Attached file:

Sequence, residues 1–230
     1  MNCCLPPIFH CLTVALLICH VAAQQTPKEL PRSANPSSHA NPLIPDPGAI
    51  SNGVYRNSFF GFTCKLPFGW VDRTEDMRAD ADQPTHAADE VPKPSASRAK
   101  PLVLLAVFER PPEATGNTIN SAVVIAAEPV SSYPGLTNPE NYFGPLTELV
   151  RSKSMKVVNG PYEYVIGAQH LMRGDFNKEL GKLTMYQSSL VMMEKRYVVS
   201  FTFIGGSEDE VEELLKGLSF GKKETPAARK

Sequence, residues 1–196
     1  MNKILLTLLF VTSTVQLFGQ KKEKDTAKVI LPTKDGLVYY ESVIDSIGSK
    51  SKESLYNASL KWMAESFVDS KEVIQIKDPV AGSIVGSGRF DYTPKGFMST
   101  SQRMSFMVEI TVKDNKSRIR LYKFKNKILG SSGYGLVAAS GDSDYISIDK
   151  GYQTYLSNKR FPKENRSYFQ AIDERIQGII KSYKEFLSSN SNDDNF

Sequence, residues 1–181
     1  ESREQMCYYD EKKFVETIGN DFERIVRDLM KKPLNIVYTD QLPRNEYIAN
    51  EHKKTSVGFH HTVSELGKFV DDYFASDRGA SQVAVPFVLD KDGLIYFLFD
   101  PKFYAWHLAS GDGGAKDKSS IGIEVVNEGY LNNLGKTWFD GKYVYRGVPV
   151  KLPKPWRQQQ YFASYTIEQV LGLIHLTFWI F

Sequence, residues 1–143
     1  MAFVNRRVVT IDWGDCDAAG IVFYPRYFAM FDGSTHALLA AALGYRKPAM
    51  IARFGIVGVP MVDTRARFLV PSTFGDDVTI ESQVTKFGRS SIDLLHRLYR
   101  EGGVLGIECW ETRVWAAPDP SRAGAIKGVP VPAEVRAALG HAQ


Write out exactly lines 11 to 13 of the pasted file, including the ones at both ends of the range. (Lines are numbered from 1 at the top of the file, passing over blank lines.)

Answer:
   151  GYQTYLSNKR FPKENRSYFQ AIDERIQGII KSYKEFLSSN SNDDNF

Sequence, residues 1–181
     1  ESREQMCYYD EKKFVETIGN DFERIVRDLM KKPLNIVYTD QLPRNEYIAN